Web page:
By Jen Curt, CTIPP's Director of Government Affairs
On September 18th, Hurricane Fiona made landfall on Puerto Rico, bringing massive rainfall, killing more than 30 people, and leaving 1.18 million people without power.
Ten days later, Hurricane Ian hit Florida, killing over 100 people and displacing thousands whose homes were destroyed.
The Mosquito Fire, which began in California on September 8th, is still active. So far, it has burned 80 thousand acres of land, evacuating 11,000 people and burning and damaging nearly 100 buildings.
In July, historic floods hit eastern Kentucky, killing more than 40 people with hundreds still missing.
A hurricane, storm, or wildfire is traumatic for many. What comes after it adds to the toxic stress survivors endure. Natural disasters remove access to food and healthcare facilities. They cause financial wreckage and destabilization as people lose their homes and personal belongings. They disrupt routine – often for months – closing schools and community spaces. People’s neighborhoods become unrecognizable and take years to rebuild. Rescue teams search for missing people, and the reported death tolls climb.
Without support, survivors can struggle for the rest of their lives.
Hurricanes Fiona and Ian and the Kentucky floods are just the most recent examples of natural disasters that have caused many persistent feelings of panic, stress, and grief.
This adversity and chronic stress can create long-lasting negative health outcomes when left unaddressed or without adequate support.
Experiencing a natural disaster by age five is associated with a 16 percent increase in mental health or substance use disorder by adulthood. A large-scale study of earthquake survivors found that 24 percent had post-traumatic stress disorder. In the United States, an estimated 7.4 million kids are affected by wildfire smoke each year, which not only affects the respiratory system but may contribute to attention deficit or hyperactivity disorder, autism, impaired school performance, and memory problems. We can and must do more to support individuals, families, and communities in the face of natural disasters.
Members of Congress must unlock the tools that communities need to prepare and rebuild.
Unfortunately, natural disasters will continue to occur, but there are solutions to expedite and improve healing in future events.
First, we must provide the necessary funding to create partnerships nationwide that build stronger communities by supporting physical, psychological, social, emotional, cultural, and spiritual well-being. These partnerships will bring together entities in various sectors to work collaboratively to promote regulation and mutual support and enhance access to trauma-informed services. This prevention approach will help individuals and whole communities recover more quickly if disaster strikes.
Plus, we must help community members mobilize after disasters to support one another’s healing from the emotional impacts. This will also prevent long-term physical and mental health problems.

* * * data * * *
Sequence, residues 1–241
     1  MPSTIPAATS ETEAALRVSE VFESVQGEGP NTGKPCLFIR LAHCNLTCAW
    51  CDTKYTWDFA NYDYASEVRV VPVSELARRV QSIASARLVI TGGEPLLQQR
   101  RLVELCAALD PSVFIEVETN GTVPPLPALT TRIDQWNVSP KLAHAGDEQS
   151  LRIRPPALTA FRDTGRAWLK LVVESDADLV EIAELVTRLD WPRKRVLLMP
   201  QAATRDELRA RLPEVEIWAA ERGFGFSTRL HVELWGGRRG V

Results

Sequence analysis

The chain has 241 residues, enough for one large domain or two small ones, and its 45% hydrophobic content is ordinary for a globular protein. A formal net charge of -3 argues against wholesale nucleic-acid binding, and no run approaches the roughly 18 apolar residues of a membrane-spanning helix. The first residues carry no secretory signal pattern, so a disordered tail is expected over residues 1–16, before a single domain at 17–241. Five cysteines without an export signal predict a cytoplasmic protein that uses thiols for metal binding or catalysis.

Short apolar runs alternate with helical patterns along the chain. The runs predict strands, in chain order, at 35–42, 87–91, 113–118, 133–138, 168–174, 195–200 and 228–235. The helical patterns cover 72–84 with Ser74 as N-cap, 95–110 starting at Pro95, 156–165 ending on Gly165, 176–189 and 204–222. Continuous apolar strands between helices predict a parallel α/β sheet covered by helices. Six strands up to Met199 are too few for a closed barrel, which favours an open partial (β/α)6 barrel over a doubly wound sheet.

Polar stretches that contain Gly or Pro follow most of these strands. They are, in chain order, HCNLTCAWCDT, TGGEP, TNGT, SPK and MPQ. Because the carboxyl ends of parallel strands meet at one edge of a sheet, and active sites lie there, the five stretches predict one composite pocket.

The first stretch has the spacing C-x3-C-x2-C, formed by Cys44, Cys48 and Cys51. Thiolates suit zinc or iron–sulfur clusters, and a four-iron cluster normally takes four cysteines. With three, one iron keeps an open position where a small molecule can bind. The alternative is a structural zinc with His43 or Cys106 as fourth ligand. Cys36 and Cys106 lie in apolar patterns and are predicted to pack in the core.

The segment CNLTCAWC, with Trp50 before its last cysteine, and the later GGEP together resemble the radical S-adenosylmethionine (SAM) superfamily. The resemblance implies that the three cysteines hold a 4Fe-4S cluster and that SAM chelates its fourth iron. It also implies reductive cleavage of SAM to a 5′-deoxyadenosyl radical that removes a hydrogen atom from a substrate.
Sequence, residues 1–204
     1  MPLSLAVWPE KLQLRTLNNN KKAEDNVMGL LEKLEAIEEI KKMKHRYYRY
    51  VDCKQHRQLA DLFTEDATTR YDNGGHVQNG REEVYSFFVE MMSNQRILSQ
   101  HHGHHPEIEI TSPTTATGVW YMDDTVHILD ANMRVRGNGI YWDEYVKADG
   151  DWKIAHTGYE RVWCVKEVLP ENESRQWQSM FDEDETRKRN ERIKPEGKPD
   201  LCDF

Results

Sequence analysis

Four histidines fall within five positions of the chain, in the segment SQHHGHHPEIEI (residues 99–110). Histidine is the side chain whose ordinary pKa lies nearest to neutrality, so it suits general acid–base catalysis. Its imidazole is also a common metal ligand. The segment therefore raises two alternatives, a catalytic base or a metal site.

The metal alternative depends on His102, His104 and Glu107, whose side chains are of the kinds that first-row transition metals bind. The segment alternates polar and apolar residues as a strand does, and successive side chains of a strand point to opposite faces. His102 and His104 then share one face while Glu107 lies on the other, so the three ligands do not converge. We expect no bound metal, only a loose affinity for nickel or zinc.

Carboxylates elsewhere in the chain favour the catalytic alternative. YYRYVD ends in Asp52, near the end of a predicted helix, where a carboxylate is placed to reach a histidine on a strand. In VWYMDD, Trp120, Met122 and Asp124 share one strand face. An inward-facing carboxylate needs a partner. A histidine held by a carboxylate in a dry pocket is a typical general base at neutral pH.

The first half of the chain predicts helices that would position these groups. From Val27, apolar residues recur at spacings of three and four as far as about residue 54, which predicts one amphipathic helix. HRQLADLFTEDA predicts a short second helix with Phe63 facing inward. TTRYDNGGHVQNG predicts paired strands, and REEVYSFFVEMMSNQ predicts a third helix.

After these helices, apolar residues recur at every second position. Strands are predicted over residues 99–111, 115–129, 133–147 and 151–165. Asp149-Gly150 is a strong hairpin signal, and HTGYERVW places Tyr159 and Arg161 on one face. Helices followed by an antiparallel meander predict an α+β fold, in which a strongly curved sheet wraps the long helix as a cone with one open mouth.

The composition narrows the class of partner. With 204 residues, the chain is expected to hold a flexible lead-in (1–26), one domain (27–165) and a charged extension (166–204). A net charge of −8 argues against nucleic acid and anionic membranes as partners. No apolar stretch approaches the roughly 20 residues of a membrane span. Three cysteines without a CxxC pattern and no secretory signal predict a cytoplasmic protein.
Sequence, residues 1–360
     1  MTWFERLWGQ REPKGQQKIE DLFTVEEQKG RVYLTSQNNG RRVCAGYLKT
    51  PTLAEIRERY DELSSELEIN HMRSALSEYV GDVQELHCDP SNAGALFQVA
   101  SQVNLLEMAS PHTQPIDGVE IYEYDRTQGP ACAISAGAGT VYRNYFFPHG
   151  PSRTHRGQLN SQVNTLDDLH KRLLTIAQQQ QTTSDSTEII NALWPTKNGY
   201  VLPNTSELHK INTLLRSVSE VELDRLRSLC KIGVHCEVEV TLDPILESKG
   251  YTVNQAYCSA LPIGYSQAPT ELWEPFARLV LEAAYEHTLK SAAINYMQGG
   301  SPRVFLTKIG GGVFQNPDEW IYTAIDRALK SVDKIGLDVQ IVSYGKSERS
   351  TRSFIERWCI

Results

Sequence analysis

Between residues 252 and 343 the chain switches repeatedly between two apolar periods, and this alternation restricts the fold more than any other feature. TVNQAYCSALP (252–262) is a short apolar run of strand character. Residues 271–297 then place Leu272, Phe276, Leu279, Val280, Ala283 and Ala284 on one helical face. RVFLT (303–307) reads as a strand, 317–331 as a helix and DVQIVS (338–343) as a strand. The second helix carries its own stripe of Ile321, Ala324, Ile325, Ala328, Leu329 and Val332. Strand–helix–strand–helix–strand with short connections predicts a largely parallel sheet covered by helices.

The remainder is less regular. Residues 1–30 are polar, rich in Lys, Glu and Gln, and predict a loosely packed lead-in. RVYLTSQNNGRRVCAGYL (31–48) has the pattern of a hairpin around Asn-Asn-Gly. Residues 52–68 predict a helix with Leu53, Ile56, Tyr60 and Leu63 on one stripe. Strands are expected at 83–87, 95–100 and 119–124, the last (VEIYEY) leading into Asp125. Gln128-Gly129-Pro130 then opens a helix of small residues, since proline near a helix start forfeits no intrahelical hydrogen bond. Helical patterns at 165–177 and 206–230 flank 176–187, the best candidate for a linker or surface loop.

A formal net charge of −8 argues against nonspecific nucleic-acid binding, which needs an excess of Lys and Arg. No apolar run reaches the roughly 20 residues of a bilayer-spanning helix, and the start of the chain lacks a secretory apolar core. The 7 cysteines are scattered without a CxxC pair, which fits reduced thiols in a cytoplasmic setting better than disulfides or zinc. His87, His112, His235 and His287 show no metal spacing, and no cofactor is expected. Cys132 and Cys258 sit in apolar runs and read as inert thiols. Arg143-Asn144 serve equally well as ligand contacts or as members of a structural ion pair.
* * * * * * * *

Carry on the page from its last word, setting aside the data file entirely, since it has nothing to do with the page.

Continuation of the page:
Bipartisan legislation in the U.S. House of Representatives and U.S. Senate has already been introduced to do just that:
The Post-Disaster Mental Health Response Act would provide a community-based and community-driven mental health response using evidence-based practices proven to decrease mental health and substance use disorder in the long term. States, tribes, and territories would have resources to train community members and compensate local counselors to teach coping strategies and connect survivors with long-term care when needed. Through the program, they may set up group peer support sessions, emergency phone lines, and educational materials promoting the use of positive coping strategies. This program already exists but is not currently available for all natural disasters, and this legislation changes that.
The R.I.S.E. from Trauma Act would expand trauma-informed training to the workforce in schools, healthcare settings, social services, and first responders and increase community resources to address the impact of trauma. Among other provisions, it would create a grant program to support community-based coalitions coordinating stakeholders and delivering targeted local services to address trauma. These coalitions increase protective factors for people to help them weather stress. This creates stronger, more connected communities, more aware of trauma and equipped to address it.
The Community Mental Wellness and Resilience Act would create a new program to build community partnerships that use a public health approach – emphasizing prevention – to help populations prepare for natural disasters, including the disruption they cause to traditional food and water systems and other types of adversity.
Each piece of legislation has been introduced with support from the Campaign for Trauma-Informed Policy and Practice (CTIPP) and other experts. Congressmembers should act swiftly to enact these bills.
CTIPP holds survivors of Hurricane Ian, Hurricane Fiona, the Mosquito Fire, and the Kentucky floods in our hearts and will continue to advocate for the resources individuals, families, and communities need.